6 September 2018

When we first started out in Manchester and Liverpool over 25 years ago, urban living had largely lost its appeal – there were fewer than 200 people living in either of the city centres.

In areas like Park Hill in Sheffield, the Cardroom Estate in Manchester – now better known as New Islington – and Langworthy (now Chimney Pot Park) in Salford, by and large...

the people who could were voting with their feet and leaving. It was just a few hardcore tenants who remained, committed to fighting for their places and keeping their communities together.

Working with local councils, we helped curate a vision of re-urbanisation. The notion of urbanism wasn’t cool back then – the very word ‘urban’ had extremely negative connotations, hijacked by phrases like ‘urban decay’ and ‘urban blight’. We’re proud to have played our own small part in helping change that perception and making cities sexy again.

Over in Park Hill and New Islington, we promised all residents that they would be re-housed on similar terms, and we were able to work with Great Places Housing Group to make sure that happened. New Islington residents were even able to design their own homes.

We built Cotton Field Park, a boating marina and a new health centre in New Islington. We also worked in partnership with Manchester Grammar School to sponsor a new free school, which is now ranked outstanding by OFSTED, and we’ve brought many other developers in to work alongside us.

Our passion is building really beautiful and well-designed housing for everyone. That’s why we’re now developing modular housing – some of which can be found at New Islington. This allows us to bring down costs, meaning great homes are available to more people.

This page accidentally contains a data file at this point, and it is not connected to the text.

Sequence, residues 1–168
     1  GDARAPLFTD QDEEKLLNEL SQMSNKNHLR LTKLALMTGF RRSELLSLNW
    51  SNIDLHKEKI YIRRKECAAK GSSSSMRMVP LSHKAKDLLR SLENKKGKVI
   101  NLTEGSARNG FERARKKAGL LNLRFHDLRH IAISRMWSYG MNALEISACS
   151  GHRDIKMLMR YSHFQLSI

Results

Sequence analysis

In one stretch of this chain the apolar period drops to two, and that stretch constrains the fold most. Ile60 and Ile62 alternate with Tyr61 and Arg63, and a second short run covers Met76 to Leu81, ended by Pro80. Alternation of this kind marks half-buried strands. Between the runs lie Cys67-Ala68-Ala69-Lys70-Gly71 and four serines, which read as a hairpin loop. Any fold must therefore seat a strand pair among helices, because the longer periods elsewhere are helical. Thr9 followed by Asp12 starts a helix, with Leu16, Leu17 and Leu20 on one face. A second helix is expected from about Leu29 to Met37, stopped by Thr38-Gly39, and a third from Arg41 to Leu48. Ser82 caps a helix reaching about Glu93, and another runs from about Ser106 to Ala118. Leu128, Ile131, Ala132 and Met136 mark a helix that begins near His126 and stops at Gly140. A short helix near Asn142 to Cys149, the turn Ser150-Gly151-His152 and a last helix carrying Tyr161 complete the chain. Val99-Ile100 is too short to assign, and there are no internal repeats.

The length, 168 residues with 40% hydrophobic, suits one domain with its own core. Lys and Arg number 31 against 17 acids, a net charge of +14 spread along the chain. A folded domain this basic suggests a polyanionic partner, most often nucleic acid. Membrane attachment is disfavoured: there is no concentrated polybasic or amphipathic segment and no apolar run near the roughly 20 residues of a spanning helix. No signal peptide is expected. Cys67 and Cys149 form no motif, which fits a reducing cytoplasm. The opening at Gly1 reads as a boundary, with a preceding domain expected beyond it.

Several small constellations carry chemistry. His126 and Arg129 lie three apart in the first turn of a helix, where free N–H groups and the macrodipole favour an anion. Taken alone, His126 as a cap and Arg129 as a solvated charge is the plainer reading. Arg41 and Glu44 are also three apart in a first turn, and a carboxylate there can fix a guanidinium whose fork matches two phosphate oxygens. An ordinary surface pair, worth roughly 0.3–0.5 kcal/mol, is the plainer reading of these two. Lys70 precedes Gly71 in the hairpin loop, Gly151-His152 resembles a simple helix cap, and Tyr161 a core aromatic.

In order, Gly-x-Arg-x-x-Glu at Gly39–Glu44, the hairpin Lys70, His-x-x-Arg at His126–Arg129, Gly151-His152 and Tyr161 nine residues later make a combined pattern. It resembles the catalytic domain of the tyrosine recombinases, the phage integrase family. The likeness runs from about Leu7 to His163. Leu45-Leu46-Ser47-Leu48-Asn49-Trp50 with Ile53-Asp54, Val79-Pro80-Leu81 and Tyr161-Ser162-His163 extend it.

We’re also focused on creating vibrant, dynamic and diverse communities. I fundamentally believe that making great places to live is about mixing tenures, income levels and uses. The risk otherwise is that we create ghettos – either of very poor or very rich people – and that’s not what great places are about.

We’re hoping that as we expand our modular production and forge new partnerships with local authorities and housing associations, like our partnership with Places for People, we can continue to bring great homes and great communities to as many people as possible, at a price they can afford.

Tom Bloxham is speaking at a session on ‘Regeneration or gentrification?’ at the National Housing Summit on 19 September from 13.10 to 14.00.

We’ll also be discussing the role for housing associations in creating great places to live at our Great Places Commission drinks reception in the evening of 19 September. Please pre-register if you would like to attend my emailing events@housing.org.uk.

Tom Bloxham MBE

Tom Bloxham MBE is a British property developer and founder of urban renewal property development company Urban Splash

Following setting up a pub business, nightclub and radio station, Tom, along with Jonathan Falkingham, founded Urban Splash in 1993.

Urban Splash has developed over a billion pounds of regeneration projects across the country. As well as this, Tom chairs the Manchester International Festival and is a trustee of The Tate, Manchester United Foundation. His past roles include Chancellor of The University of Manchester, Chair of Arts Council NW, Chair of Centre of Cities Think Tank and Trustee of Big Issue in the North. Tom was awarded an MBE for services to architecture and urban regeneration in 1999 at the age of 35.

Making city living sexy again